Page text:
Today would have been my father’s 100th birthday. He was born in a small town in central Alabama on July 30, 1920. He did not grow up poor, but nor was he landed gentry. His father was the local agent for the Central of Georgia Railroad. His mother, who was always known as “Miss Lucy,” also worked for the Railway Express Agency, the FedEx of that long-ago time. Both were hardworking with something of an entrepreneurial streak. The world of Alabama in the 20’s and 30’s is one that now seems incredibly remote, virtually ancient history. Horses were commonplace. The depression permeated everything. His family included many who had lived through the Civil War, including veterans. And, in that time of America’s apartheid, there were also plenty of people who had been born in slavery.
My father went to the Naval Academy in the summer of 1939, two months before Hitler invaded Poland. His class graduated a year early in 1942, and he was then at sea almost continuously for the remainder of World War II. He married my mother in 1944. They only had a few days’ notice that he was coming, so the wedding planning was quick. He went on to serve in the Navy until he retired in 1973. He served on a cruiser in the Korean War. He commanded four ships. He was even in Vietnam on a couple of occasions. My father had many tales to tell, most of which only came out late in his life.
That generation is now almost all gone. My father has been for 25 years. We talk a lot about the “greatest generation.” It sometimes seems like a bit of a cliché, in fact. But it is not. They grew up in times that were truly hard, economically and culturally. Opportunities were more limited, especially for people of color. Discrimination was legal and pervasive. In the depression of the 30’s, our nation and form of government came very close to collapsing all together. And when this generation came of age, they fought a war – a long, bloody war that left few families untouched. At the peak of the war, the military numbered almost 13 million people, which is especially huge when you consider that was about 10% of the total population.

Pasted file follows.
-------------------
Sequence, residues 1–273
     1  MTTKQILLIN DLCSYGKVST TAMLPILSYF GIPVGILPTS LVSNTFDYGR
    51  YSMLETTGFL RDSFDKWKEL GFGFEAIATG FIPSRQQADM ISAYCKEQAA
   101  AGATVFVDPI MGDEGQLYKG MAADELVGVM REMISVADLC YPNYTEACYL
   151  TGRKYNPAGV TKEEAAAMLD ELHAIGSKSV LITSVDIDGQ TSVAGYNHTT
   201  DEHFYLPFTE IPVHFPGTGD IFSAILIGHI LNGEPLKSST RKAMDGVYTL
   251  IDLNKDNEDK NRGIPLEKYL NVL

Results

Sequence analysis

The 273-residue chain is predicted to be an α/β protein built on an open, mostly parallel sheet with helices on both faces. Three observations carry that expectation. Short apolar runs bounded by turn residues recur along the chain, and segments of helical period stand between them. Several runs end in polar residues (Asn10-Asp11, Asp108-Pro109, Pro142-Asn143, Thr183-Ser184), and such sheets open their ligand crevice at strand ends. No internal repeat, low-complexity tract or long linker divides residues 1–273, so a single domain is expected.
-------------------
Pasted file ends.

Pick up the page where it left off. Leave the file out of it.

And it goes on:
Fast forward to 2020: These are troubling times right now. I often wonder what my father might have to say about our current situation. Like most career military, his politics didn’t always fit the neat boxes by which we want to define people. For example, those who have actually seen war often have a wariness of it that is almost pacifism. They know what it means to be put in harm’s way, and they are accordingly averse to doing so without a compelling reason. I could offer many more examples, some quite humorous too.
My father was always sympathetic to me as a young lawyer – and I think he was proud of what I did - but it was also clear that he considered my vocation to be just “civilian stuff.” He was right, too. There is nothing life or death about being a civil trial lawyer. The problems confronting us now are real, but they pale in comparison to what was faced by that truly Greatest Generation. That generation had a perspective that is sorely lacking now. Maybe we should look back at them and try a bit harder to follow and live up to their example.